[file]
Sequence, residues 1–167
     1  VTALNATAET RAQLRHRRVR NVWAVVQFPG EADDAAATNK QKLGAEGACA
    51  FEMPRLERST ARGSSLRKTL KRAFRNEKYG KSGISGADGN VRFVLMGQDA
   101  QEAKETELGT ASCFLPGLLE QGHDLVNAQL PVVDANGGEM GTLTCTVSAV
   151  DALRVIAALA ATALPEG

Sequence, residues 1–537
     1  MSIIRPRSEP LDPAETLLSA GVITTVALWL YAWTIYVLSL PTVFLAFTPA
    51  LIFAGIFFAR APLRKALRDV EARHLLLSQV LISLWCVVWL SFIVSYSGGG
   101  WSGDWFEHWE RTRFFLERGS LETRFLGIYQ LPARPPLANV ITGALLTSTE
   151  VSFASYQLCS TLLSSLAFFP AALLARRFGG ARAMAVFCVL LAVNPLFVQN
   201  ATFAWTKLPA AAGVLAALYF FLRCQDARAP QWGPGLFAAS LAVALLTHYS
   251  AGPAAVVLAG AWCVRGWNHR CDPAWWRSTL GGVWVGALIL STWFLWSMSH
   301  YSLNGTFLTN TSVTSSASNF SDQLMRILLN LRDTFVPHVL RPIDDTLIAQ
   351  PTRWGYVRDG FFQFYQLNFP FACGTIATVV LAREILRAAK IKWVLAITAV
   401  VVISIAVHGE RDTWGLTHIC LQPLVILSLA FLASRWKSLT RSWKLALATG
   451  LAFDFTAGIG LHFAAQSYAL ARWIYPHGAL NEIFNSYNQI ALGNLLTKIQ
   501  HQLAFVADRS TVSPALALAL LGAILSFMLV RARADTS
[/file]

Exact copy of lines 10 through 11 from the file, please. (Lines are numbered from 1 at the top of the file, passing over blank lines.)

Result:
   151  VSFASYQLCS TLLSSLAFFP AALLARRFGG ARAMAVFCVL LAVNPLFVQN
   201  ATFAWTKLPA AAGVLAALYF FLRCQDARAP QWGPGLFAAS LAVALLTHYS